Entire countries are making the switch from print to electronic, and not with just books, but entire collections, including hand written manuscripts, newspaper editions, radio broadcasts and TV programs. The UK and Finland were some of the first to make this transition, and the United States created the first completely online library with over 2 million items. Now Norway is following suit. This migration, by law, requires this content and media to be submitted to the National Library, which will allow anyone with a Norwegian IP address to access all the materials for free.
This raises the question – If we put everything online, how will the physical library space survive?
There is no doubt that electronic resources have gained popularity over print materials in general. Although the debate between physical book vs Kindle e-readers is still a heated one, there are no intentions of getting rid of the physical library space due to the switch from P to E. Physical library space is far more popular than most would imagine.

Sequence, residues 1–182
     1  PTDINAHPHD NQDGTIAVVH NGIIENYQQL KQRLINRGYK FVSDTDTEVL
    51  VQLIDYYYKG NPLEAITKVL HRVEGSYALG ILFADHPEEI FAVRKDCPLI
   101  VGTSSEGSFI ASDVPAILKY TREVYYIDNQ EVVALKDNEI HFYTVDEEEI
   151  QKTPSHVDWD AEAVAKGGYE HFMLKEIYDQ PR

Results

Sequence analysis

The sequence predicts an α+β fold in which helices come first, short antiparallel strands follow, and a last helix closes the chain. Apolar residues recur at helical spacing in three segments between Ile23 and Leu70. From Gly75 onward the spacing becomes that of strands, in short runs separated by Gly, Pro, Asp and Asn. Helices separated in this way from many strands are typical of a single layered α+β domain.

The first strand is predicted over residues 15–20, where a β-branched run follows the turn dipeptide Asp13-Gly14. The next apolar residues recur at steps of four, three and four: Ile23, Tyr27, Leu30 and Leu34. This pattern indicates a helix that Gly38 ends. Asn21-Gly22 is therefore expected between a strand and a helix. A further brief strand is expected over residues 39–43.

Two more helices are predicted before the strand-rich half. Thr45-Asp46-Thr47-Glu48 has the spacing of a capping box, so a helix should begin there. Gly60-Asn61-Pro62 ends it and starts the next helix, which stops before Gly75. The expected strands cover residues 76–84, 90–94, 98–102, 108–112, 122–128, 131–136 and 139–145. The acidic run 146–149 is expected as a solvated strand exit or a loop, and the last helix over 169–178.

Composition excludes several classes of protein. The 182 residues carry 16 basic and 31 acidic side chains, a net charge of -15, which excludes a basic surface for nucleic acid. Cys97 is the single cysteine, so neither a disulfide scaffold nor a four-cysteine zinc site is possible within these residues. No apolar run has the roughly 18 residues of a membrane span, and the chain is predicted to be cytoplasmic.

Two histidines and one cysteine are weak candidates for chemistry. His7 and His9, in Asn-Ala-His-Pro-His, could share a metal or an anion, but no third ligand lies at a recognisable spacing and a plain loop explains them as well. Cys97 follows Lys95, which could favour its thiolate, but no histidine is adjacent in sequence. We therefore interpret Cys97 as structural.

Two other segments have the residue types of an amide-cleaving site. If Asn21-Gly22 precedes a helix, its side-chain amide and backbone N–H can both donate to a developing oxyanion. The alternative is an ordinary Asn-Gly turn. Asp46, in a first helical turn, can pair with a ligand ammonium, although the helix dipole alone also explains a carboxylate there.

According the ALA’s Quotable Facts about America’s Libraries, there are currently more libraries in the US than there are Starbucks. The library has also evolved into more than a place where you can read books and conduct research. Just like Starbucks, libraries have free wifi and, more times than not, computer stations you can use free of charge. According to the Pew Research center, two-thirds of Americans say that they have medium to high engagement with their local libraries, with 30% of that population being a younger crowd.
Print to electronic migration is beneficial for more than easy online accessibility. Libraries are also converting their collections to free up the space and resources used to maintain the print collections, and are dedicating these to the many other functions the library serves. Libraries are no longer just for reading and researching, but have morphed into a space for community. Communal spaces can be difficult to come by when not on a college campus. The general public has turned to libraries as a place to host meetings, learn new skills, explore the arts, and more.
While books might be leaving the shelves of your library and finding new homes online, all the other resources that the library provides are here to stay.